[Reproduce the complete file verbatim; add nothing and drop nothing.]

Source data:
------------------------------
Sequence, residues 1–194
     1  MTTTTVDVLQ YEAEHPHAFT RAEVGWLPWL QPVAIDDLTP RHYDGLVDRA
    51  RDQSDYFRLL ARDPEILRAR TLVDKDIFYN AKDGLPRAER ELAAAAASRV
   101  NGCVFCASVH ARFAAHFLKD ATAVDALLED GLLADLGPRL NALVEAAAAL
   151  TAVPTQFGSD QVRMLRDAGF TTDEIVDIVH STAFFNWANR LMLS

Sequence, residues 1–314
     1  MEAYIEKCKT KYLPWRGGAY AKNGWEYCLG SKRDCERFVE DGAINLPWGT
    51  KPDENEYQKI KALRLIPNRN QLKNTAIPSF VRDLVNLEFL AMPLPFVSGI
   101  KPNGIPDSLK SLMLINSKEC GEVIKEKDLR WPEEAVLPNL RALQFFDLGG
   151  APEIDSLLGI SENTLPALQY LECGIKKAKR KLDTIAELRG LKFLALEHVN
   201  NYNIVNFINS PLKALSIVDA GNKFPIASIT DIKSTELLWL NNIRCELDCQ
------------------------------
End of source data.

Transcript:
Sequence, residues 1–194
     1  MTTTTVDVLQ YEAEHPHAFT RAEVGWLPWL QPVAIDDLTP RHYDGLVDRA
    51  RDQSDYFRLL ARDPEILRAR TLVDKDIFYN AKDGLPRAER ELAAAAASRV
   101  NGCVFCASVH ARFAAHFLKD ATAVDALLED GLLADLGPRL NALVEAAAAL
   151  TAVPTQFGSD QVRMLRDAGF TTDEIVDIVH STAFFNWANR LMLS

Sequence, residues 1–314
     1  MEAYIEKCKT KYLPWRGGAY AKNGWEYCLG SKRDCERFVE DGAINLPWGT
    51  KPDENEYQKI KALRLIPNRN QLKNTAIPSF VRDLVNLEFL AMPLPFVSGI
   101  KPNGIPDSLK SLMLINSKEC GEVIKEKDLR WPEEAVLPNL RALQFFDLGG
   151  APEIDSLLGI SENTLPALQY LECGIKKAKR KLDTIAELRG LKFLALEHVN
   201  NYNIVNFINS PLKALSIVDA GNKFPIASIT DIKSTELLWL NNIRCELDCQ